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BOR recommends reduced water allocation. Pending court action, no water start date guaranteed

Herald and News by Holly Dillemuth 3/27/18

The Bureau of Reclamation is proposing to start charging canals on April 19 and to deliver water to Klamath Project irrigators by late April, pending court action.

Reclamation filed a proposed Klamath Project Operations plan on Friday in U.S. District Court for the Northern District of California to allocate 252,000 acre feet for Project irrigators, which is 65 percent of a normal allocation of 390,000 acre feet of water.

The court filing, as well as the motion by Klamath Water Users Association (KWUA) filed March 9, would need to be approved to release water deliveries to the Basin irrigators. A hearing is scheduled for Wednesday, April 11 in U.S. District Court for the Northern District of California, the same day as KWUA’s annual meeting at 6 p.m. at Reames Golf Course.


“If the judge were to look at this proposal favorably, that’s a pretty good scenario, given the conditions we’re experiencing today,” said Scott White, executive director of the KWUA.

“We don’t know if the judge is going to rule from the bench, so it may be even a few days or a week after the hearing date before we hear back from the court.

White said he hopes to have more concrete information about the 2018 water year at the water users meeting, though there are no guarantees. The meeting is open to the public, and will feature Alan Mikkelsen, senior advisor to Secretary of the Interior Ryan Zinke on water and Western resources, as guest speaker.

“We’re hopeful that the judge will look at the current scenario and be mindful of that, and appreciate our situation, and realize that this is a matter of survival for many people this year,” White said.

Court-ordered injunction

Water users requested relief from a March 2017 court-ordered injunction that called for Klamath River water flows to mitigate parasite concerns affecting endangered coho salmon in the Klamath River.

There are two ways to flush out the river; so-called “surface flushing” and “emergency dilution flows.” The second one could adversely affect water levels in Klamath Lake.

The court-ordered injunction requires a three-day surface flushing flow on the Klamath River between Nov. 1 and April 30, and emergency dilution flows later in the spring or summer if necessary. The injunction also states the release of water should not interfere with lake levels necessary to protect ESA-listed Klamath Basin sucker species in the lake.

Instead, Reclamation is proposing implementation of a full surface flushing flow, augmented with non-Project water; foregoing additional emergency dilution flows due to the likelihood that it could cause water levels in Upper Klamath Lake to fall below minimum levels to protect endangered sucker species.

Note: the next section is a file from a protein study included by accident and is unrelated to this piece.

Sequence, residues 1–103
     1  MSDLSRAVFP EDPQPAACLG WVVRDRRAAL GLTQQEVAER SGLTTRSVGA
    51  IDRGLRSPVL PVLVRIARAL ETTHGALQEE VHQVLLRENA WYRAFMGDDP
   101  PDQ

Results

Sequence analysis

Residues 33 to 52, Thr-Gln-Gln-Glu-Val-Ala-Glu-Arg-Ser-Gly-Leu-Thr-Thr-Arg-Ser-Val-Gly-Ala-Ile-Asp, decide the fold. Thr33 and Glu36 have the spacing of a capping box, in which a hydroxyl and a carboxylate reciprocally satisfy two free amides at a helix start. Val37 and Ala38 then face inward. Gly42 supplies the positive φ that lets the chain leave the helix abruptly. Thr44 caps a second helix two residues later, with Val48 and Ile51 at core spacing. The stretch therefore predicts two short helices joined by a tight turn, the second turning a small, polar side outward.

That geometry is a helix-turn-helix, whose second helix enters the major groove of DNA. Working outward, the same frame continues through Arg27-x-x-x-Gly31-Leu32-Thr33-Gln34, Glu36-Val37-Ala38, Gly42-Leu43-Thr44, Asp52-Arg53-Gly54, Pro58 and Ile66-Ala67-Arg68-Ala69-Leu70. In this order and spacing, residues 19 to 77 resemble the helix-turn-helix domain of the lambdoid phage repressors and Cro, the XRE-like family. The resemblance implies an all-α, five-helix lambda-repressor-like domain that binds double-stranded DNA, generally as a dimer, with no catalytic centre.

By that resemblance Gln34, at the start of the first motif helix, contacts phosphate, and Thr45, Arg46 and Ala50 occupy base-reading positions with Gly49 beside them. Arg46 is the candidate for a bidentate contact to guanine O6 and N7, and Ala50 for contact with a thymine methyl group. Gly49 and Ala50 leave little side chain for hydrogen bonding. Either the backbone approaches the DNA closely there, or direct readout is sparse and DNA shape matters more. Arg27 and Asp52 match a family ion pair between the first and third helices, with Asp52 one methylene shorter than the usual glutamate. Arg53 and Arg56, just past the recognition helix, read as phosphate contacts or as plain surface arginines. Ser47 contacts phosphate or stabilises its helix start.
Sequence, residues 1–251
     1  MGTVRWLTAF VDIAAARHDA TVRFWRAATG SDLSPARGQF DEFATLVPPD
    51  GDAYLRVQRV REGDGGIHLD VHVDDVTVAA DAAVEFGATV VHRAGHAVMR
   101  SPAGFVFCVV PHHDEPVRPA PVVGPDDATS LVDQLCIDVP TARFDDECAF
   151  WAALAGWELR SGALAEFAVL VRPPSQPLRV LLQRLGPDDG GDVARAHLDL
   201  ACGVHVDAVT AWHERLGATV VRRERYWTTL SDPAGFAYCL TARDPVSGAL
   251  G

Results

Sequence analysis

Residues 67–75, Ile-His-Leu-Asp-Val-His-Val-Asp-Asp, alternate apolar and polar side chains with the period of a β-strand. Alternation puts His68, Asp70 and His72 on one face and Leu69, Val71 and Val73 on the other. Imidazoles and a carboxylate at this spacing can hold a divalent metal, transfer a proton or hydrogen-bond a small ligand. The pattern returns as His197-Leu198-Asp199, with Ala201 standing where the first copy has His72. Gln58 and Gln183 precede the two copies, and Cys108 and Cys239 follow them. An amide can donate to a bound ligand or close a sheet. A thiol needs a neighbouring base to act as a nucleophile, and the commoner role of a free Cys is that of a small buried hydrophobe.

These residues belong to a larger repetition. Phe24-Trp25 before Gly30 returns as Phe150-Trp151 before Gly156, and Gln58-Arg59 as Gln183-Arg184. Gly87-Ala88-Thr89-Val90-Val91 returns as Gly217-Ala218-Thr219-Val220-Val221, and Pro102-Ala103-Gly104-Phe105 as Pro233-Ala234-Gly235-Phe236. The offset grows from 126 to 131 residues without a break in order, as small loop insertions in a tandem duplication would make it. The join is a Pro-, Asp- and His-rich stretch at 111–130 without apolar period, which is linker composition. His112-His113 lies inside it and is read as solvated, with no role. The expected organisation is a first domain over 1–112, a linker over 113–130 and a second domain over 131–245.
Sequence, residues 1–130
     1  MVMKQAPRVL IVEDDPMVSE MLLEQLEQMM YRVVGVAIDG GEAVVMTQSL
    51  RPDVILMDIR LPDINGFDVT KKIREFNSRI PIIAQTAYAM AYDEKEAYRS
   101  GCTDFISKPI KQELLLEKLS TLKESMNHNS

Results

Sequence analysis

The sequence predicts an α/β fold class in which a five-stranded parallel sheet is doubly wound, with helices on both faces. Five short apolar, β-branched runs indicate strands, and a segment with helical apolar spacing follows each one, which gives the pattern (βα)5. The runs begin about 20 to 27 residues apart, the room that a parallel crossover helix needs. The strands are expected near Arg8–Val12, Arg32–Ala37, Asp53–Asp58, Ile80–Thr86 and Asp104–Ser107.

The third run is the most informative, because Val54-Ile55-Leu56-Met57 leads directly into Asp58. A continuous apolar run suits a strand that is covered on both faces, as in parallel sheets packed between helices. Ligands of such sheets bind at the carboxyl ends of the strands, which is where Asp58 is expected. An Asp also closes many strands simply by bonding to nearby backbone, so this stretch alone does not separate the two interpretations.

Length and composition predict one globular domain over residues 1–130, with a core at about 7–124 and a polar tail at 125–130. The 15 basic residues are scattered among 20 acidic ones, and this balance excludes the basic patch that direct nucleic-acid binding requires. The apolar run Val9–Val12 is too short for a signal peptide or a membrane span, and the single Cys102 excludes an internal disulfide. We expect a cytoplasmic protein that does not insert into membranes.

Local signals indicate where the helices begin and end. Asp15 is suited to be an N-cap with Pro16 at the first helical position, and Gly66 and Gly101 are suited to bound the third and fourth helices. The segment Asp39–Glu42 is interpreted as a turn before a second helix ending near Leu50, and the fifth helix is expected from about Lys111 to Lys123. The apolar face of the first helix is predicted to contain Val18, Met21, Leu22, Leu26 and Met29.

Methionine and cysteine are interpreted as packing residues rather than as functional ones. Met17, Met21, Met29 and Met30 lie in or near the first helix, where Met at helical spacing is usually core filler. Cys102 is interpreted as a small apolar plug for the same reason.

Refuge nesting could be affected

Reclamation’s proposal calls for 7,000 acre feet of water provided by the U.S. Fish and Wildlife Service from the Lower Klamath National Wildlife Refuge and about 4,000 acre feet of water from two tracts of land adjacent to Upper Klamath Lake, which is part of the refuge complex.

Susan Sawyer, a spokesperson for Fish and Wildlife Service, said, “The timing of (the release) is critical to whether or not it would have an impact on the refuge resources.”

Sawyer said it is not peak migration season yet for birds, but it is in its early stages.

“We believe there will be little to no long-term impacts to refuge resources and Pacific Flyway migratory bird populations. The refuge will lose some nesting and bird habitat by returning water to the river in that 7,000-acre-feet allotment, however, we believe the greater need is to support the management of lake levels and flushing flows in the river, which overall are going to provide a much greater benefit to the Klamath Watershed during this difficult water year.”

PacifiCorp is also voluntarily contributing 10,500 acre feet of water from reservoirs to augment the Project’s limited supply.

Reclamation officials said new information indicates limited scientific support for dilution flows, and the National Marine Fisheries Service and U.S. Fish and Wildlife Service have indicated that implementation of a surface flushing flow should be a priority over emergency dilution flows.

“Reclamation believes this proposal provides the best solution for addressing disease concerns for coho salmon in the Klamath River Basin while also ensuring water levels necessary to protect endangered sucker in the Upper Basin,” said Alicia Forsythe, BOR deputy regional director of the Mid-Pacific.

“This proposal allows Reclamation to protect important Tribal Trust Resources while allowing for water supply certainty and economic stability for our agricultural communities in the Klamath Basin.”

Reclamation will repay the voluntary water contribution from PacifiCorp and USFWS by fall or winter 2018 in time for fall migration, Sawyer said.

“Reclamation greatly appreciates the hard work and willingness of the Fish and Wildlife Service and PacifiCorp to help identify and offer alternative water sources to meet the court-ordered surface flushing flow for 2018,” Forsythe said in a news release.

“We are hopeful that the court fully considers Reclamation’s proposal so that the 2018 water year addresses competing water demands and stakeholder interests within the Klamath Basin.”

Cumulative inflows to Upper Klamath Lake since the beginning of 2018 have been some of the lowest observed on record, according to the BOR, and Reclamation has determined there is not enough water in the Klamath Basin system to produce a surface flushing flow with Klamath Basin Project water and still meet elevation requirements for sucker species.



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